Reviews of Recent Independent, Foreign, & Documentary Films in Theaters and DVD/Home Video

Xun Zhou as the Little Seamstress
Photo: Empire Pictures

Directed by: Dai Sijie.
Produced by: Lise Fayolle.
Written by: Dai Sijie & Nadine Perront, based on the novel by Dai Sijie.
Director of Photography: Jean Marie Dreujou.
Edited by: Fleur Augustin, et al.
Music by: Pujian Wang.
Released by: Empire Pictures.
Language: Mandarin with English subtitles.
Country of Origin: China/France. 111 min. Not Rated.
With: Xun Zhou, Kun Chen & Ye Liu.

During China's Cultural Revolution in the 1970s, two best friends, both sons of bourgeois intellectuals, are sent to a mountain village for Maoist re-education. Though reduced to a harsh life of farming and mining, the rebellious Luo (Kun Chen) and diffident Ma (Ye Liu) keep their spirits alive by playing small tricks. When the village chief threatens to take Ma's violin away, Luo claims that a Mozart sonata is actually entitled, "Mozart is Thinking of Chairman Mao." The chief remains skeptical of the young men, but because of their literacy he sends them into town to watch communist Albanian and North Korean melodramas so that they can recite them back to the locals. But Luo and Ma replace the dull plots with their own stories.

But Luo and Ma embark on their most significant undertaking when they fall in love with the beautiful daughter of the village tailor. Calling her the “Little Seamstress" (Xun Zhou), they transform the culture-starved teenager. Stealing a suitcase full of banned Western books, they take turns reading translated works by Flaubert, Dumas, Balzac and many others to her. But what Ma and Luo do not realize is that by liberating her from ignorance, they are embedding within her heart a will to seek out other worlds.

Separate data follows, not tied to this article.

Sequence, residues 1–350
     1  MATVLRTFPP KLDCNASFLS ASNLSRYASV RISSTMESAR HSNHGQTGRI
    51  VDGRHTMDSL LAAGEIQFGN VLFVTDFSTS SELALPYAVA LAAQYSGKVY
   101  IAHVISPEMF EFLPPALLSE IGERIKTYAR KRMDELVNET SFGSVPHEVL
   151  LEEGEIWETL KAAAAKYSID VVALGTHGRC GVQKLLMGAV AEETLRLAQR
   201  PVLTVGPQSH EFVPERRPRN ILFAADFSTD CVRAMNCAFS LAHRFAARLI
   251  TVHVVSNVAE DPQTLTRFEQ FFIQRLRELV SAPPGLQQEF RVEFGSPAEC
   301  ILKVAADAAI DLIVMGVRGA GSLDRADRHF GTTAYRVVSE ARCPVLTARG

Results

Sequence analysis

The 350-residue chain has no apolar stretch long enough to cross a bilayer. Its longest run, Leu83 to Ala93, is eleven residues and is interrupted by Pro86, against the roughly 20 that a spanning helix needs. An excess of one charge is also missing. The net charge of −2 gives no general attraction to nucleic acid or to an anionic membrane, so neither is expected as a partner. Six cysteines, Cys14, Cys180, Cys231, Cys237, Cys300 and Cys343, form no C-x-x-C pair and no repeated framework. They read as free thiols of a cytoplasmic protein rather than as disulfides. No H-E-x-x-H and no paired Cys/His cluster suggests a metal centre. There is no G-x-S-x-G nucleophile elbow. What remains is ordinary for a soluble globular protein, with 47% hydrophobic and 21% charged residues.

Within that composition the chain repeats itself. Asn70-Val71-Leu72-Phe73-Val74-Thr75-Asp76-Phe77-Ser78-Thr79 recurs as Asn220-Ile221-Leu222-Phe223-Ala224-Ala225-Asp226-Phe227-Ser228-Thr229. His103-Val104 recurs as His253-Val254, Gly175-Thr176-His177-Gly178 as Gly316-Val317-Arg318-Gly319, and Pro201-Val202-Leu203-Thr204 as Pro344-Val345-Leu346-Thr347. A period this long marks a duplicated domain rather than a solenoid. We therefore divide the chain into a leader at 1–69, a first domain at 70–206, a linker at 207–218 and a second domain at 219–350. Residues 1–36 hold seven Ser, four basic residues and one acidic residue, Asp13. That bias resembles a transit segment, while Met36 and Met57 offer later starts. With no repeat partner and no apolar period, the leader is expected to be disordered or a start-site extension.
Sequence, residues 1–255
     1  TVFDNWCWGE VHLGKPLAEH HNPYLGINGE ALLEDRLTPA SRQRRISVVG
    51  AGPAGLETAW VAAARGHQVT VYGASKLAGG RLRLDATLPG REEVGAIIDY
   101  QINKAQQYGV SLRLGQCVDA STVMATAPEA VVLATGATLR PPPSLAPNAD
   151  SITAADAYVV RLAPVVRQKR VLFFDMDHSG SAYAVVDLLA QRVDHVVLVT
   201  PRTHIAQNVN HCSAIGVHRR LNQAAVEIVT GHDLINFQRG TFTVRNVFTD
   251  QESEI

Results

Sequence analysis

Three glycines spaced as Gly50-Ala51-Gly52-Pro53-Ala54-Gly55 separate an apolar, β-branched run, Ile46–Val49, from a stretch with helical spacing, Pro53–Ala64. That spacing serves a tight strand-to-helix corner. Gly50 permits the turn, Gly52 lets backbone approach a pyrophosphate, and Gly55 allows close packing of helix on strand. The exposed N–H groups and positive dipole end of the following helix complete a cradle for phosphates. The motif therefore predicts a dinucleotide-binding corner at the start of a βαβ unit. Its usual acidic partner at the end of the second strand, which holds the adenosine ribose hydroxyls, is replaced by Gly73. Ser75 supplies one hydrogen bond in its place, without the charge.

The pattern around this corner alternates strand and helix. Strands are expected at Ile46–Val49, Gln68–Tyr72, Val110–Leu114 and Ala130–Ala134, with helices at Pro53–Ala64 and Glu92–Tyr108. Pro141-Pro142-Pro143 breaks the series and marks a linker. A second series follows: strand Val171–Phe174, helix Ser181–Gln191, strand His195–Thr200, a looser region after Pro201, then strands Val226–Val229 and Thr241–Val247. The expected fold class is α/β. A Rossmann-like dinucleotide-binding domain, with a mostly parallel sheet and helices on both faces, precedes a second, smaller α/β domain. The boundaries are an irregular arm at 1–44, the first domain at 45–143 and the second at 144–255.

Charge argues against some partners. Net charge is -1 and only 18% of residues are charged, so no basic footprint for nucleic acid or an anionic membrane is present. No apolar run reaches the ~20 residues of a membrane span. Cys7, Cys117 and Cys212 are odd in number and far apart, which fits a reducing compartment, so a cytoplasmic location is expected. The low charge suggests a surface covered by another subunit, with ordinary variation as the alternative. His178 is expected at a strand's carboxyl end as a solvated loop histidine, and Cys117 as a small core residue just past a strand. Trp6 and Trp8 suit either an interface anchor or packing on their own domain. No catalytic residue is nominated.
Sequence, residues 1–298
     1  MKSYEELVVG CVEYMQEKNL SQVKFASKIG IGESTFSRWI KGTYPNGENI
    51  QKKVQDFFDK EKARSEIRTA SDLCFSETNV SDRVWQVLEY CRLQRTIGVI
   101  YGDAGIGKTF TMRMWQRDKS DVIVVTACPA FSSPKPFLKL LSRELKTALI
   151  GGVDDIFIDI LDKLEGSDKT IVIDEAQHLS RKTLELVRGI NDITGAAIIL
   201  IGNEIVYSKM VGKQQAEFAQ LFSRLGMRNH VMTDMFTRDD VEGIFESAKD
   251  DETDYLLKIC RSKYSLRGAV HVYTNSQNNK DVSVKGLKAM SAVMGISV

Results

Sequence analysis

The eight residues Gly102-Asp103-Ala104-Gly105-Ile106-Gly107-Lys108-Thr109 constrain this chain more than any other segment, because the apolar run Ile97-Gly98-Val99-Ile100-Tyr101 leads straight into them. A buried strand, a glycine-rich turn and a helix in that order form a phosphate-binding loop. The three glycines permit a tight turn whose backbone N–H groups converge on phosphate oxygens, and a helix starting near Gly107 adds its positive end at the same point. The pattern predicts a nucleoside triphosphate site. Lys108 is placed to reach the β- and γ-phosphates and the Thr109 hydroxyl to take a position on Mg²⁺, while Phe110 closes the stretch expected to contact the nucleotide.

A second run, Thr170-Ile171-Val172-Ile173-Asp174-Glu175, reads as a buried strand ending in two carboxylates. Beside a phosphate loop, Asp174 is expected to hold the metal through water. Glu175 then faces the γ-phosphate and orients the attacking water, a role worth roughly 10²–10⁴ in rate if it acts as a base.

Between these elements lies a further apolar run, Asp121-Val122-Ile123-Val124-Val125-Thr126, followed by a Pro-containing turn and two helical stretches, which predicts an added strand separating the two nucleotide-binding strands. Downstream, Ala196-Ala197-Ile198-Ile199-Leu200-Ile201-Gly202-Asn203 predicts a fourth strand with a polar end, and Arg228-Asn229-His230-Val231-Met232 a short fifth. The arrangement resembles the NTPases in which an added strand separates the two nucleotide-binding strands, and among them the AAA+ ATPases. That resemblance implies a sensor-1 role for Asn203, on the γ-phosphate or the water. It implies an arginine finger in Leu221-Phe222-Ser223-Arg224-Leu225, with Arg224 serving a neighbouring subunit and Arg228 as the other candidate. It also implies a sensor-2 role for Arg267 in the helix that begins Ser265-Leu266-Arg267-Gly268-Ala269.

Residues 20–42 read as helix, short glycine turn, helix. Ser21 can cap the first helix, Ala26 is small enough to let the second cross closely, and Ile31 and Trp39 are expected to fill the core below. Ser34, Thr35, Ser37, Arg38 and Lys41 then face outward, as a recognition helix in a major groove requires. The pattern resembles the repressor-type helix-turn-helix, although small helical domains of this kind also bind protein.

What makes this film different is that unlike, for example, Jia Zhangke's The World, in which the knowledge of the outside world means a sense of deprivation for young people, here it frees them - with a price. Adapting from his own best-selling novel, director Dai Sijie is aware that no matter the circumstances a particular vibrancy of youth is never lost, and his three leading actors excel at delivering this message. The score and Jean Marie Dreujou's cinematography also complete this atypical valentine to an era and place. Romanticized, but never melodramatic, at the heart of Balzac and the Little Chinese Seamstress is an enduring and universal sentiment. Marie Iida
July 29, 2005



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